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January 30, 1998     Cape Gazette
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January 30, 1998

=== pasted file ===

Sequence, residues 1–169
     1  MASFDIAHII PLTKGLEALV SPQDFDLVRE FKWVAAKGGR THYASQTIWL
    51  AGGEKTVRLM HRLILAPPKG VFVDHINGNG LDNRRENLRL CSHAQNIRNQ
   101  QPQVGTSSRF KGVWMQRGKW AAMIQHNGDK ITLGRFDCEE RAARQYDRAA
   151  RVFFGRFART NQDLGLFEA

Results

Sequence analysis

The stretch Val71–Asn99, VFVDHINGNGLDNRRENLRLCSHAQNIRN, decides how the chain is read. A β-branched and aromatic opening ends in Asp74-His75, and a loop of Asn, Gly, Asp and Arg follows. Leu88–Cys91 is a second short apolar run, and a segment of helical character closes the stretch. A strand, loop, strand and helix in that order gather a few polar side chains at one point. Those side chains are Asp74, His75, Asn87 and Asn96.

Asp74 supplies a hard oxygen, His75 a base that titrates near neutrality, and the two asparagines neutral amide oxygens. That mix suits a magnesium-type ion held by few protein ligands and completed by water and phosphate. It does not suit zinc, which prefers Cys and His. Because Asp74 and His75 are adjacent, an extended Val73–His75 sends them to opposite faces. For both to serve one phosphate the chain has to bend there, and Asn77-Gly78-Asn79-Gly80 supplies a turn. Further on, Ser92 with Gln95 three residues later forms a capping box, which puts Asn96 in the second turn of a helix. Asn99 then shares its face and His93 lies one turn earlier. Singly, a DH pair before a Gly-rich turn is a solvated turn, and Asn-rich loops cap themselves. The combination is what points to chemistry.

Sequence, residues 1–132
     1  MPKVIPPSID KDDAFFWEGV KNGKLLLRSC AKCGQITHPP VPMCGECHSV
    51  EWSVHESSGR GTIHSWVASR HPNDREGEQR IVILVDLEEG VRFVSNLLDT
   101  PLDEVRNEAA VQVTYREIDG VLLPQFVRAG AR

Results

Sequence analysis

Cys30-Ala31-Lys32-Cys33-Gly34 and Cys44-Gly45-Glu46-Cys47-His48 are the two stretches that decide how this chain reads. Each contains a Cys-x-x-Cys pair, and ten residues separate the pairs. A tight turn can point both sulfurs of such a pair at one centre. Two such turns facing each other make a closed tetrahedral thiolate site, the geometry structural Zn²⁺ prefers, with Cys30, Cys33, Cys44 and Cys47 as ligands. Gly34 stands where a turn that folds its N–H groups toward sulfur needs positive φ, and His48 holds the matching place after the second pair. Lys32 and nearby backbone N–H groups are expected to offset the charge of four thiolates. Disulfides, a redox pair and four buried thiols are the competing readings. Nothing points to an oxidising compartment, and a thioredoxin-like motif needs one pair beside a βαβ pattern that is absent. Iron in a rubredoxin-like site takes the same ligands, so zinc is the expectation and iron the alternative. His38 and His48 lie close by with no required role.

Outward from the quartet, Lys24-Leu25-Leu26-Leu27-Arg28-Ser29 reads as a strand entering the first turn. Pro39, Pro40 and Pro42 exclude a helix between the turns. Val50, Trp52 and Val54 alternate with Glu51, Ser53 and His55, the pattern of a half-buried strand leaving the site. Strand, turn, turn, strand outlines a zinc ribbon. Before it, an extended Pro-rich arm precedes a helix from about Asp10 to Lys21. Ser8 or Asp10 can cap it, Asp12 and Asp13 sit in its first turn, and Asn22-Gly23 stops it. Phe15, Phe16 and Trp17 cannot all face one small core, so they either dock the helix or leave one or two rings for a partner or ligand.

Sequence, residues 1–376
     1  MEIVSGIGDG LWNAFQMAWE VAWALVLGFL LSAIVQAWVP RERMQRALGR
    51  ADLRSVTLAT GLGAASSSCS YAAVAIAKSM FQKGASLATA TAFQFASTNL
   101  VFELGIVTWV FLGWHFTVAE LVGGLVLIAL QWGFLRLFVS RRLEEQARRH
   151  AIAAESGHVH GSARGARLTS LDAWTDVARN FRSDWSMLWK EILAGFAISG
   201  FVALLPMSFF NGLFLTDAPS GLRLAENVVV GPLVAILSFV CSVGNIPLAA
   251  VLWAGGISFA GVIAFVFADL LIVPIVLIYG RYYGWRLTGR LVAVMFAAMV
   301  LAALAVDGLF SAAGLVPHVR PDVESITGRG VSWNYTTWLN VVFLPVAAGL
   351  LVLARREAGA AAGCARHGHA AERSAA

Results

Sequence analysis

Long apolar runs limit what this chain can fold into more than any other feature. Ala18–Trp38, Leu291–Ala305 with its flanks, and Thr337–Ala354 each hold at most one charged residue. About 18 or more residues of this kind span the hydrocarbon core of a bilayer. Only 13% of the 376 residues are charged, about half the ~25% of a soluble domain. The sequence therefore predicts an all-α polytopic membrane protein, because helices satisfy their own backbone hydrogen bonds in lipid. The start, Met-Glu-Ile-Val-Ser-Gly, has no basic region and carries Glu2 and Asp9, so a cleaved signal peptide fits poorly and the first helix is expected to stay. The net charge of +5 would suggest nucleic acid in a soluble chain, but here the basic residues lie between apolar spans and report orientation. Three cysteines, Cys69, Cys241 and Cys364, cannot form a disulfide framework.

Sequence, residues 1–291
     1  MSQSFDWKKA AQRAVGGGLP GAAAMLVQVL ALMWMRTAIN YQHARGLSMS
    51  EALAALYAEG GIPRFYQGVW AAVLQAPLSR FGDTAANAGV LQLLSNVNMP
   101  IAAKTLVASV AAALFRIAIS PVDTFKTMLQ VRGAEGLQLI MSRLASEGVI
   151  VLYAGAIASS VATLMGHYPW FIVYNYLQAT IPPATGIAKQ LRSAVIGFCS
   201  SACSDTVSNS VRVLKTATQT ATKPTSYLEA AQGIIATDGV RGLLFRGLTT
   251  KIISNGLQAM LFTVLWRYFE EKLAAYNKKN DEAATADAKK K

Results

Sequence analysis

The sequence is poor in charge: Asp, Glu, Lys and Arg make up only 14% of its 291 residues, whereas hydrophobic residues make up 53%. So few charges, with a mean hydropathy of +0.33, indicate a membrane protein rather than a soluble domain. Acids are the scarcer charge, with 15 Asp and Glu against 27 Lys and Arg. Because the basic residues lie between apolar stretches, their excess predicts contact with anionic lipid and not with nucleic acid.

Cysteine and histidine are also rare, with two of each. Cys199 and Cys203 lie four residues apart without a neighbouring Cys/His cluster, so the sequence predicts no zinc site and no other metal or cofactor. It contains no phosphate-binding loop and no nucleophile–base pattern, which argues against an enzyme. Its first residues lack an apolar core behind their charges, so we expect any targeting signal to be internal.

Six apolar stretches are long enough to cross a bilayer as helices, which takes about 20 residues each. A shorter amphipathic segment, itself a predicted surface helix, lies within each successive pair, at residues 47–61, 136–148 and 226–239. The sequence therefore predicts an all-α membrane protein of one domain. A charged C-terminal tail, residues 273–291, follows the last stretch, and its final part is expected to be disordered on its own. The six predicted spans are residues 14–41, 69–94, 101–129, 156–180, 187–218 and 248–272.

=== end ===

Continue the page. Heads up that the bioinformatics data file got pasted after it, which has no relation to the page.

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CAPE GAZETTE, Friday, January 30 - February 5, 1998 - 27 HEALTH & FITNESS Kent, Sussex hospitals plan joint health seminar held at Del Tech, Owens Campus, on Friday, May 8. "We are better served if we can come together," said Edward Hancock, president and CEO of Nanticoke Memorial Hospital, ex- plaining why the hospitals decid- By Michael Short The four hospitals serving Kent and Sussex counties will host a joint health summit this spring in a major attempt to deal with com- mon health issues. Tentative plans call for the day-long summit to be MlchNI Short photo Hospital officials from three medical facilities ask Sussex County Council, during its Tuesday, Jan. 27, meeting, to sup. port their cooperative effort for a health summit to be held in Georgetown in May. Shown are (l-r) Jeffrey Fried, Beebe Medical Center president and CEO; Dennis Elima, BayHealth Medical Center president and CEO; and Edward Hancock, Nanticoke Memorial Hospital president and CEO. ed to work together on the com- mon problems. The health summit would in- volve county, state and federal of- ficials as well as health-care orga- nizations, private industry and other interested community orga- nizations. Its purpose is to be in- clusive of all aspects of the com- munity. Representatives from Beebe Medical Center, Nanticoke Memorial Hospital and BayHealth Medical Center, which includes Kent General Hospital in Dover and Milford Memorial Hospital, asked Sussex County Council to support the cooperative effort at its Tuesday, Jan. 27 meeting. "We can't do it alone," said Dennis Klima, president and CEO of BayHealth Medical Center. "We found we were all working together to do health assessments. There may be opportunities for us to work together to solve some problems," said Jeffrey Fried, president and CEO of Beebe Med- ical Center. "This can not be just another hospital project...Without coming together, we run the risk of just having a consultant report placed on the shelf," Hancock said. County council gave the idea an enthusiastic thumbs up. "I think that it is a great idea," said County Council President Dale Dukes. Dukes and County Administra- tor Bob Stickels both said that many people do not have health insurance and may not be able to afford to visit a doctor when they are sick. Fried said that Beebe sur- veys show that approximately 55 percent of people have never had a skin cancer screening and ap- proximately. 45 percent of people don't visit a doctor when ill be- cause they cannot afford treat- ment. Only half of the public use seat belts and approximately 42 per- cent have never had a colorectal cancer screen, he said. The summit is expected to focus on a wide range of issues, many of them preventive in nature, such as the use of seat belts and preven- tive screenings for cancer and oth- er illnesses. "This is education and preven- tion," according to Fried. Instead of only dealing with people who are sick, Fried said hospitals are trying to "focus on prevention and keeping people well." He said that if problems are de- Beebe Medical Center expands cardiac Heart disease is the leading cause of death in Sussex County, 25 percent higher than the state average. For some, it cuts short the long-anticipated retiretnent years with family and friends. Beebe Medical Center has made a com- mitment to expand its scope of cardiac ser- vices. Beebe calls its cardiac services "HeartCare." The program includes the fol- lowing: An emergency medicine department that is staffed to handle cardiac emergen- cies quickly and efficiently, stabilizing a patient in the critical early stages of a heart attack. A modem critical care unit for focused inpatient cardiac care. Diagnostic services, including Holter monitoring, nuclear scanning, stress testing, echocardiogram, ultrasound and advanced laboratory technology. An expanded cardiac rehabilitation pro- gram in the Baylis Rehabilitation Center, and wellness programs and community screenings. To reinforce Beebe's commitment to car- diac care and concern for the health of Sus- sex County residents, Beebe has planned a number of February events to commemo- rate American Heart Month. services with Beebe Medical Center's quarterly maga- zine, "Beacon," scheduled to be delivered at the end of January, will feature the hospi- tal's expanded HeartCare services. A HeartCare Fair is planned for Tuesday, Feb. 10, at the Rehoboth Mall, from 10 a.m. to 2 p.m. Free blood pressure screenings will be offered by the American Heart As- sociation and free cholesterol readings will #so be given, with the results given to the participants on site. Electrocardiograms will be offered for a $5 fee to those who register by calling 645-3332; fitness demonstrations will be given by the Sussex Family YMCA, nutritional counseling will tected early and people prevent health problems from becoming major problems, those problems are less severe, less cosily and less debilitating. Prevention not only saves lives, it saves lost days at work and it saves money, he said. Transportation, substance abuse, shelter availability, clean water, the lack of preventive health screening, dental care and cost of treatment are a few of the issues of concern. The day-long summit proposal grew out of surveys and health screenings done by the various hospitals. "Hospitals [Beebe Med- ical Center and BayHealth Med- ical Center/Milford Memorial Hospital] sponsored multiple dis- cussion group sessions in commu- nities throughout northern, eastern and coastal Sussex County," ac- cording to a prepared statement by the hospitals. "It became evident that socio- logical problems which reflect up- on the health status of the commu- nity must be addressed at the re- gional level, and not just at the lo- cal community level," according to the prepared statement. I I I HeartCare program be offered with Beebe dietitian Kim West- cott and the Sussex County Emergency Medical Services will be present to discuss the emergency response system in the county. Additionally, Beebe's Cardiac Rehabili- tation Department staff will hold an open house on Tuesday, Feb. 10, from 10 a.m. to 2 p.m. They will offer free blood pressure screenings and refreshments. To increase the awareness of the need for CPR training, a free Heartsaver CPR course will be offered to the public on Tuesday, Feb. 24, from 9:30 a.m. to 12:30 p.m. Reg- istration is required by calling 645-3248. Allergies Part I: Dust mites love winter Editor's note: This is the first of a two-part series on allergies. Now that we are in the cold winter months and pollen is ab- sent from the air, it would appear that allergy and asthma sufferers enjoy a time when they are not bothered by their allergies. Actu- ally, the winter months are a peak time for patients with allergies and asthma and who are sensitive to house dust mites. House dust mites are micro- scopic, spider-like creatures that are not visible to the naked eye. They are prevalent in areas with humid climates. House-dust mites multiply rapidly during the humid spring, summer and fall months. During the winter, they are pre- sent in an encysted form and may still cause symptoms in mite-sen- sitive patients. In fact, levels of al- lergens that are associated with the house'-dust mites are actually at higher levels in the late fall and early winter. In addition, people spend more time indoors, and there is less out- door air exchange inside the home in the winter months. As a result, allergy sufferers have more expo- sure to house-dust mites during these times. House-dust mites are one of the most common allergic triggers for people with year-round allergy and/or asthma. Their presence and numbers are closely associated with the development of asthma and allergy. HEALTH TOPICS Dr. Charles E. Lee Dr. Charles E. Lee practices medicine at Sussex Allergy, Asthma, and Immunology in Georgetown. Call 856-1773. One 1990 study from the "New England Journal of Medicine" showed that exposure to dut mites increases the likelihood of asthma development in children. A 1996 study in the "Journal of Allergy and Clinical Immunolo- gy" showed that the activity and severity of asthma was closely linked to the level of exposure to dust mites in mite-sensitive pa- tients. The same study showed that the risk of active problems with asth- ma in mite-sensitive children in- creased directly with the level of exposure to house-dust mites. A 1995 study published in the "American Journal of Respiratory and Critical Care Medicine" also showed that exposure to higher house-dust mite levels was associ- ated With increased symptoms of asthma. Dust mites are not a problem in - add climates or in high-altitude locations. In times past, asthma patients in Europe often had great improvement in their symptoms when they were admitted to sani- tariums in the Alps. We know now that the efficacy of these san- itariums was likely a result of their dust-mite-free environment. Dust mites are also a greater problem in industrialized coun- tries. There was little asthma in New Zealand Aborigines before the introduction of Westem-style beds. The custom in this culture was to sleep on straw pads. After Continued on page 29 rl